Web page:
Serial correlation may be a problem when analysing monthly climate data. Climate is average weather during at least 30 years, and the number of months in climate analysis is therefore usually 360 or more. I therefore repeated the calculations behind Figure 6.1 with 360 noise values in each Monte Carlo simulation. Figure 6.3: Same as Figure 6.1, but now using 360 instead of 50 data values in each simulation.

Figure 6.3 shows that the width of the probability density plots is reduced to a third when the number of noise values is 360 compared to when it is 50. But the standard deviation is still 0.05, and the calculated serial correlation must therefore still be carefully evaluated before being applied further in the analysis.

### 6.2 Serial correlation in the noise vector

Each plot presents the probability densities of the lag 1, 2 and 3 serial correlation coefficients based on 10 000 Monte Carlo simulations. Each simulation calculates the coefficients of 50 data values with white noise and serial correlation. Figure 6.4: Probability density plots of the lag 1, 2 and 3 serial correlation coefficients of white noise data with serial correlation. The data contains 50 values that are updated before each simulation. The coefficients are calculated using the noise values. Figure 6.5: Same as Figure 6.4, but now the serial correlation coefficients are calculated using the ranks of the noise values.

The curves in Figure 6.4 and Figure 6.5 are almost identical. With white noise and serial correlation in the data it does not matter if the coefficients are calculated with the values or with their ranks.

The expected mean value of the lag 1 serial correlation is equal to 0.20 when a first order Markov process with α equal to 0.20 is added to the white noise. The mean of the calculated lag 1 serial coefficients is 0.16, which is less than the expected value. That is due to few values in each simulation.

### 6.3 Outliers in the noise vector

Each plot presents the probability densities of the lag 1, 2 and 3 serial correlation coefficients based on 10 000 Monte Carlo simulations. Each simulation calculates the coefficients of 50 data values with white noise and outliers. Figure 6.6: Probability density plots of the lag 1, 2 and 3 serial correlation coefficients of white noise data with outliers. The data contains 50 values that are updated before each simulation. The coefficients are calculated using the noise values. Figure 6.7: Same as Figure 6.6, but now the serial correlation coefficients are calculated using the ranks of the noise values.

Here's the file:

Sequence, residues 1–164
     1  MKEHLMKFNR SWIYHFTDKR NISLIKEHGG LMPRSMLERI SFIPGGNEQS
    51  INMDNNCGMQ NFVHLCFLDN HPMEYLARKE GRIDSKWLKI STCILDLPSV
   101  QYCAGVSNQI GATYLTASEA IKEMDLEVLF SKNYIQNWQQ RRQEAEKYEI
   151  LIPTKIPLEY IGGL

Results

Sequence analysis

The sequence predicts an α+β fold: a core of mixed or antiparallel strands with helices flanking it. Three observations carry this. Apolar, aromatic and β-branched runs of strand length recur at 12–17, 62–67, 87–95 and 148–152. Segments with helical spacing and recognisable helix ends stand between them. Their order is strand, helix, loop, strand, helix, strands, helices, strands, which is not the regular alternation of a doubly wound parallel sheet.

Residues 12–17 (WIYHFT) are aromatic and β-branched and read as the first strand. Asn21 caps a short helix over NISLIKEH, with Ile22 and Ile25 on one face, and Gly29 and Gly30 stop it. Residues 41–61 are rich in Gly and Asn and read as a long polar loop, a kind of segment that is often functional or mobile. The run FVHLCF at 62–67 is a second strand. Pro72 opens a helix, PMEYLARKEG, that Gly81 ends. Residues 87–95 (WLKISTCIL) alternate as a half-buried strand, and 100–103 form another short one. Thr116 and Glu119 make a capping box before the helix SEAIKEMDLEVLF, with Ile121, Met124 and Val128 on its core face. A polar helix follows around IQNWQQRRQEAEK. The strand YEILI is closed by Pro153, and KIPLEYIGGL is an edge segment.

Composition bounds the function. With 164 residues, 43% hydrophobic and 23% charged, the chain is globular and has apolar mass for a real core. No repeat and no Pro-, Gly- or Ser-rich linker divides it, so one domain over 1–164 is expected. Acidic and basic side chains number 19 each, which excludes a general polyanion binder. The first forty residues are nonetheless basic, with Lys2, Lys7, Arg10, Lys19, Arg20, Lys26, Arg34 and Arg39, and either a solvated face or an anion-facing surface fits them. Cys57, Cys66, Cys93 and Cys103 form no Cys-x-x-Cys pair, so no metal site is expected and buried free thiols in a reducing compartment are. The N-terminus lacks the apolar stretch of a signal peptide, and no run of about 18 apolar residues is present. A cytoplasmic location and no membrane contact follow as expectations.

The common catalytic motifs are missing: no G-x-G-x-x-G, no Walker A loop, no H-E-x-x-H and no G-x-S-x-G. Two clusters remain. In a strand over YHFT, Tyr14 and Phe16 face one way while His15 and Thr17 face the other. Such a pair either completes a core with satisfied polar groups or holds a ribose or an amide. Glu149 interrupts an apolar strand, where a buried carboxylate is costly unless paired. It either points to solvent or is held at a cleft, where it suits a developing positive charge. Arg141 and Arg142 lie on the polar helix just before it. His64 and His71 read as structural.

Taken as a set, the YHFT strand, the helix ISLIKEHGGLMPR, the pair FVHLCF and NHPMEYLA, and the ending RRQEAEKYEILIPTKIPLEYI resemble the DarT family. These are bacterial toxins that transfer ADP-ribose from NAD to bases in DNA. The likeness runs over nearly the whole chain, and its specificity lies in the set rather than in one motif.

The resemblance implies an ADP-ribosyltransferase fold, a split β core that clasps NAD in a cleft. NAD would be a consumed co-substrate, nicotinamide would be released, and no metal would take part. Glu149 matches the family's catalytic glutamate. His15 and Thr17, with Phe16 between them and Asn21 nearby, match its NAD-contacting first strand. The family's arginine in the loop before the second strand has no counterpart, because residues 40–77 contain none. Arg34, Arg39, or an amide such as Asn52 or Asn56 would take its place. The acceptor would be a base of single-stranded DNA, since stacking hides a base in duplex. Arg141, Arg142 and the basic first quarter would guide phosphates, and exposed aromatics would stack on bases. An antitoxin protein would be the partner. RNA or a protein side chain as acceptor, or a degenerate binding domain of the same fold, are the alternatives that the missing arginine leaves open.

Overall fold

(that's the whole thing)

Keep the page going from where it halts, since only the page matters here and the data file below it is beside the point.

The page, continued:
The mean values of the coefficients in both Figure 6.6 and Figure 6.7 are close to zero, as they are expected to be. The calculations of the serial correlation coefficients are not fooled by the outliers to believe that there is serial correlation in the data when it is not. That is true both when the calculations use the data values and when they use the ranks of the data values.

When the coefficients are calculated based on the values in the noise vector (Figure 6.6), the lag 1 probability density plot differs more from that of the normal distribution than it does when there were no outliers in the noise vector, and the lag 2 and 3 probability density plots are not so wide.

When the coefficients are calculated based on the ranks of the values in the noise vector (Figure 6.7), the probability density plots are almost identical to the probability density plots that were calculated when there were no outliers in the noise.

### 6.4 Both serial correlation and outliers in the noise vector

Each plot presents the probability densities of the lag 1, 2 and 3 serial correlation coefficients based on 10 000 Monte Carlo simulations. Each simulation calculates the coefficients of 50 data values with white noise, serial correlation and outliers. Figure 6.8: Probability density plots of the lag 1, 2 and 3 serial correlation coefficients of white noise data with both serial correlation and outliers. The data contains 50 values that are updated before each simulation. The coefficients are calculated using the noise values. Figure 6.9: Same as Figure 6.8, but now the serial correlation coefficients are calculated using the ranks of the noise values.

The probability density plots in Figure 6.8 and Figure 6.9 are different. The outliers cause the calculation of the lag 1 coefficient to fail when the calculation is done with the values. It fails because the serial correlation in the data is partly hidden by the outliers, and the mean of the calculated lag 1 coefficients is halved compared to what it was without the outliers. But when the calculation is done with the ranks of the values, the calculation of the coefficients is OK.